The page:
Could rhinos go extinct in our lifetime? Unfortunately, the answer is yes. But first some basic rhino facts.
How Many Species Of Rhino Exist Today?
There are five. And how many rhinos are left on the planet? Sadly, less than 30,000 in all. By the numbers:
|2||White Northern (Critically Endangered)|
|20,000||White Southern (Near Threatened)|
|5,000||Black (Critically Endangered)|
|3,500||Indian (Greater one-horned) (Vulnerable)|
|80||Sumatran (Critically Endangered)|
|67||Javan (Critically Endangered)|
Several subspecies have already gone extinct. In 2011 the Western black rhino was declared extinct by the IUCN. And the Northern white has only 2 (yes, that’s 2 in the whole world) animals left and both are female. The last remaining male, Sudan, died in 2018.
Why Are There So Few Rhinos?
The main reason is poaching. These magnificent creatures are killed for their horns. But why?
Many people in Asia believe the horn, when ground into powder, cures all sorts of ailments & disease. However, the horn is made of keratin, just like our fingernails. It has zero medicinal qualities.
Other factors are the loss of habitat, human conflict and even volcanic eruption. What? That sounds crazy.
A Volcanic Eruption Could Doom The Javan Rhino
The greatest threat to the Javan rhino, other than humans, could be a volcanic eruption or tsunami. On Dec 22, 2018, the volcano Anak Krakatau erupted which caused a tsunami killing over 400 people on the island where the only remaining Javan rhinos live.
No rhinos were hurt but it could happen again and wipe out the last of the Javan rhinos. Since there are no Javan rhinos in captivity, a catastrophe from another eruption could cause the Javan rhino to go extinct.
Unfortunately, the remaining Sumatran rhinos are also in a dire situation. They are the smallest rhino and only exist in very fragmented populations in Sumatra. A huge conservation project, the Sumatran Rhino Rescue, is underway to try and breed the few Sumatran rhinos in captivity. Read a great National Geographic article describing the efforts of the coalition trying to save this rhino from extinction.
But There Is Good News
Some rhino populations have rebounded over 40% in the last decade. The southern white rhino has rebounded from less than 100 to almost 20,000 due to conservation efforts in Africa. And in India & Nepal, strict laws have helped the Indian rhino increase its population from less than 200 animals to around 3,500 today.
Black rhinos are also critically endangered but their population is increasing, thanks to conservation measures throughout the world. Very cool.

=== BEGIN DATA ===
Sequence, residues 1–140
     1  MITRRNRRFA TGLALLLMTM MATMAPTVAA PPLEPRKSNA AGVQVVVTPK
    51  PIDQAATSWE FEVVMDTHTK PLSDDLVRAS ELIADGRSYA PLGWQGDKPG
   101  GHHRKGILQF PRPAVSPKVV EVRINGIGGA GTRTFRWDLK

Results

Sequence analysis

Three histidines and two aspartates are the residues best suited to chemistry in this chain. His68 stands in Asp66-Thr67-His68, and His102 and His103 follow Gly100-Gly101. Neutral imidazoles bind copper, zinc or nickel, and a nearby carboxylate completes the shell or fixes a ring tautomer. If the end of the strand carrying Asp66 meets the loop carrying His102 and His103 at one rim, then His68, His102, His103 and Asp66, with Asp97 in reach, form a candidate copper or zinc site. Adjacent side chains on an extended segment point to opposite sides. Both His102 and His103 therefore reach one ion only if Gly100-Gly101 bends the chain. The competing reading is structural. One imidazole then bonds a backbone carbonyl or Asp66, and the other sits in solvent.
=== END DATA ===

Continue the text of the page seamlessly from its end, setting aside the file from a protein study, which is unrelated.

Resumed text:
Where Can You See Rhinos?
Of course, if you can afford a safari in Africa or Asia, you might get to see them in the wild. But most folks can only see them by visiting a local zoo or wildlife park. There are over 60 black rhinos in zoos across the country and around 250 white rhinos so there are plenty of opportunities to see one.
Check to see if you have any in your neighborhood. White Oak Conservation, outside Jacksonville, FL actually has white, black & Indian rhinos so it is well worth a visit.
Cool Rhino Facts
- Rhinos are herbivores, meaning they only eat plants. Sometimes as much as 120 pounds of plants a day.
- Rhinos lived almost 50 million years ago.
- The only predators of rhinos are people. This means we, humans, are the reason they are endangered.
- Baby rhinos look exactly like mini-adults when they are born. And are they cute!
- How many horns does a rhino have? Well, it depends…The Javan & Indian rhino each have one horn. The white, black & Sumatran have 2 horns.
- Rhinos wallow in the mud to prevent sunburn and keep insects off their skin.
How Can You Help?
Join a rhino conservation organization, Just be sure and do your homework. We donate to and trust The International Rhino Foundation, run by a good friend of ours, Nina Fascione.
Foster a rhino at The David Sheldrick Wildlife Trust. You can help a baby rhino that has been orphaned with the goal of reintegrating it back into the wild. Or give someone the gift of fostering. We gifted an orphan foster to my mom for a Christmas present this year. She loved it.
Learn more about rhinos and spread the word on social media. With five species, there are lots of rhino facts to share.
Seek out art depicting rhinos. Check out Dale’s sculpture “Dusty Dignity” of a black rhino on our Sculpture page. The sculpture will be used to raise money for and awareness about rhinos. If you know of a good home for the sculpture, we are willing to donate it. Contact Loti at firstname.lastname@example.org to discuss further.